The Church gives particular honor to St. John, the most righteous Forerunner and Baptist (after the All-Holy Theotokos). In fact, if we look at the iconostasis, we can see his icon placed next to the Lord’s. The Lord honored him in a special way, with the greatest declaration possible for a human being: “Assuredly, I say to you, among those born of women there has not risen one greater than John the Baptist” (Matthew 11:11). God had given him the mission to preach repentance among the people, and to baptize the repentant in the Jordan River. There, in the desert of the Jordan, John lived a strict life of asceticism, “clothed with camel’s hair and with a leather belt around his waist, and he ate locusts and wild honey” (Mark 1:6). We are amazed by his austere way of life, for which he was called “an angel on earth and a heavenly man”!

There are Christians who, upon hearing about the asceticism of John the Baptist and others in the following centuries (even in our times), ask the question: Why such poverty and hardship? Why do they subject themselves to such strict living?

This is a very important question that concerns all of us. In order to understand, let us go back to the beginning, to the first-created Adam and Eve. The Creator created them “in the image of God” (Genesis 1:27) and gave them the ability to freely decide whether or not they would remain in communion with Him and become, by grace “according to the likeness of God” (Genesis 1:26). If they had used their freedom in the right way, they would have achieved immortality, firmly remaining good and enjoying the blessings of paradise. But, as we know, they were deceived by the devil, choosing to believe his lies. They wanted to become gods by their own efforts and with ease, showing the desire to eat the fruit that had been forbidden them. In other words, all three energies of their soul (mind, will and desire) were firmly set against God, with the deadly consequence of sin consuming the human race, with all of the suffering which we know.

With Holy Baptism, Our Lord Jesus Christ forgives us and sets us free from the bondage of this original sin. However, to be healed and brought to the spiritually healthy state which the first-created possessed, we must do our part. There has to be co-operation with God (“synergy”). What this means, is that while our Lord and Savior Jesus Christ has healed us from the cause of this spiritual illness, the weakness and inclination towards evil that is a consequence remains within us. That is why we are required to make the effort towards recovering our strength and fully regain spiritual health. This can be seen in the physical body as well. For example, someone has cancer, and with surgery and treatment, they are able to get rid of the malignant tumor. This is not the end, as a person has to continue to be treated with medicine, a proper diet and the necessary physical exercises. It is only with these efforts that their health can be stabilized and a full recovery possible.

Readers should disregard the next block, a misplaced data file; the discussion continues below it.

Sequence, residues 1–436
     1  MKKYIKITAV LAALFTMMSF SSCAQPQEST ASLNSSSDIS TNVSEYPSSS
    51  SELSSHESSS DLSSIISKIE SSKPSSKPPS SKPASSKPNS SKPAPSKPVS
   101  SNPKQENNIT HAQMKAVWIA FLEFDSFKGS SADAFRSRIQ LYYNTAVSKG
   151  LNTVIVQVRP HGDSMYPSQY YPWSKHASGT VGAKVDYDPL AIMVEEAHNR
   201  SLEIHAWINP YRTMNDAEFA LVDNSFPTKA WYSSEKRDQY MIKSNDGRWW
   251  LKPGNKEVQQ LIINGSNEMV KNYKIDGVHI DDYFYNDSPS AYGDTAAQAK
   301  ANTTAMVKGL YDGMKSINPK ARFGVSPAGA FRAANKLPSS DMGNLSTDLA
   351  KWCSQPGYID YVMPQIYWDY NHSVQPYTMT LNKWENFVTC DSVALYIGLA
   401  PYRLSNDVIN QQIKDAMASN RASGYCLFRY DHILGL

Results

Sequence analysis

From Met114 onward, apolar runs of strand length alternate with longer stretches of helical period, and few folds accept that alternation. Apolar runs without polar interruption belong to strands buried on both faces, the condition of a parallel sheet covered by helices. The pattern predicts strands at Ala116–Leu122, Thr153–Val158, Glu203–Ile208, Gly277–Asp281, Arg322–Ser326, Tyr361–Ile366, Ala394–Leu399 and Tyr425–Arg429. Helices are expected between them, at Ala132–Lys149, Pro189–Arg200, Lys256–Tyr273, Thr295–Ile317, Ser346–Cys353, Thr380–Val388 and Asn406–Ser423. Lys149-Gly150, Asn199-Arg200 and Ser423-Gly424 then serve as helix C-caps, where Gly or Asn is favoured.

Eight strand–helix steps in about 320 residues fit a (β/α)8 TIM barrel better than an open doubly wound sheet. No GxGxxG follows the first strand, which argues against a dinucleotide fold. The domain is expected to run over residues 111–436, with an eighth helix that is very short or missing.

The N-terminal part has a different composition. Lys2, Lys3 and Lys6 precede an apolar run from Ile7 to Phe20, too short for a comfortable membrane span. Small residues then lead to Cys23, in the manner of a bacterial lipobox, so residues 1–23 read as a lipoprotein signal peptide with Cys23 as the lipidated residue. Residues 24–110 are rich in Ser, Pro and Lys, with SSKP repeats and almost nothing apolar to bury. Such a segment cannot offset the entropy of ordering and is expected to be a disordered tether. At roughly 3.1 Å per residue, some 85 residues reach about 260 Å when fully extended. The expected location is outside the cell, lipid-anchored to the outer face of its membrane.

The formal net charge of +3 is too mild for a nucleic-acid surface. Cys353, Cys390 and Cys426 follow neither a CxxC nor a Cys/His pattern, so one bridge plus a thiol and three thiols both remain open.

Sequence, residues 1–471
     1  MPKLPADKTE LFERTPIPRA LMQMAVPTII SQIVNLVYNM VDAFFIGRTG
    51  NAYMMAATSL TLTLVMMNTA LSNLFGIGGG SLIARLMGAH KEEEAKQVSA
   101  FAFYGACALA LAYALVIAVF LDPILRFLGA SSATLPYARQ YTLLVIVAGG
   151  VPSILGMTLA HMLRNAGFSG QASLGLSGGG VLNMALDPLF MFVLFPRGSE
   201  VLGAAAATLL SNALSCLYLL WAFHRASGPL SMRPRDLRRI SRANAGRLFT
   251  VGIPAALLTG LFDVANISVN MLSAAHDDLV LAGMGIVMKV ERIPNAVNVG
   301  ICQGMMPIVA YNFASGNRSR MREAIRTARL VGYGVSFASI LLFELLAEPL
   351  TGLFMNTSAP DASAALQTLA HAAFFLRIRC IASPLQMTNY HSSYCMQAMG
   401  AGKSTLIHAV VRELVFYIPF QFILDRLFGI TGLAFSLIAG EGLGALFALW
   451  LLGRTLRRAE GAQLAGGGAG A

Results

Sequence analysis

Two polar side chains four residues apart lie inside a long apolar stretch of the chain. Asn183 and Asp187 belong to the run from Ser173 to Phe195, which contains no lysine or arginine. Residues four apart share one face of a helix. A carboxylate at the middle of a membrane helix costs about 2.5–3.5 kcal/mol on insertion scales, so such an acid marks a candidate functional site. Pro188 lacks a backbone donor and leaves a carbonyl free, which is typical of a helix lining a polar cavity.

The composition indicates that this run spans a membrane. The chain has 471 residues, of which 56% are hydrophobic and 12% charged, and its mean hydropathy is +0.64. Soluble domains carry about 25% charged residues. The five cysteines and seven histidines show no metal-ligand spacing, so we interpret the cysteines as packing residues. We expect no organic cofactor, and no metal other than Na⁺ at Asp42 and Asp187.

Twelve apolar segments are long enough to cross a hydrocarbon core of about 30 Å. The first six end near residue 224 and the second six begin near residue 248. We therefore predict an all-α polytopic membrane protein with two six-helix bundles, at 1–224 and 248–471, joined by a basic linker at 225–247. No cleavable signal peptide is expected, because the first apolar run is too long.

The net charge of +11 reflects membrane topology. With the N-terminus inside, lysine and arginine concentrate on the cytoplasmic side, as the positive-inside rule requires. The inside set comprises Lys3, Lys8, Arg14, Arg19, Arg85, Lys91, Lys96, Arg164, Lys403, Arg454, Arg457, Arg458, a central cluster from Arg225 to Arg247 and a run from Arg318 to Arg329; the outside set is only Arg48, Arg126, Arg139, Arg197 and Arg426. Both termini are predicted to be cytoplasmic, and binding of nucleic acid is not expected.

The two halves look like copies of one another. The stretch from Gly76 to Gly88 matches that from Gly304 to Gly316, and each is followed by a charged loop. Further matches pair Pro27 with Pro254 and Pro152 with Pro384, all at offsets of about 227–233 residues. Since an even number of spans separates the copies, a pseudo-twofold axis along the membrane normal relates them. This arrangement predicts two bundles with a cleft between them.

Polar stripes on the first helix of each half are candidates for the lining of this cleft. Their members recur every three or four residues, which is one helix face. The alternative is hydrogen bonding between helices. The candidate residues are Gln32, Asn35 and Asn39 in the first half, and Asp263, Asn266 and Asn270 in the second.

This is the exact purpose of spiritual exercises for the Christian: To achieve this “stabilization” of their spiritual well-being, and to protect it from the disease of the soul (Sin). Sufficiently strengthened in this way, the soul can steadily move towards its final destination, the heavenly Paradise (that which was lost by the first-created). Here, they will live in eternal communion with God.

It is this good struggle that our Lord first encouraged us: “Strive to enter through the narrow gate” (Luke 13:24). St. Paul the Apostle exhorted his disciple Timothy (and each one of us) to “Fight the good fight of faith, and lay hold on eternal life” (1 Timothy 6:12). The same Apostle also, in order to strengthen us in this fight, writes: “I have fought the good fight, I have finished the race, I have kept the faith” (2 Timothy 4:7). We all know of St. Paul’s struggles throughout his entire life, as well as a whole army of spiritual fighters who came after him.

At this point it is necessary to make a clarification. Not everyone will achieve the same results. Not every athlete ends up going to the Olympics, and for those who do go, not all receive gold medals. For each, it depends upon their abilities, the quality of their coaching and the consistency of their training. This is also the case in the spiritual struggle. Not everyone will be like St. Anthony or St. Alypius, who lived on a column for decades. Most people will not reach the heights of St. Seraphim of Sarov, who prayed for a thousand nights on top of a rock. All of them received special gifts from God.

There is a key difference here to note between ascetics and athletes: All those who engage in the spiritual struggle towards God are blessed by Him and rewarded (which is not the case with athletes competing for the Olympics). These gifts are different for each person, like the differences between the glory of the stars, as St. Paul the Apostle writes (see 1 Corinthians 15:41).

All of us are called to embrace the ascetic spirit of our Saints, as much as we can, taking into account our life circumstances and spiritual strength.

The question that then arises is this: How can a Christian do this and with what spiritual powers? Due to lack of time, we will try to answer in our next homily.


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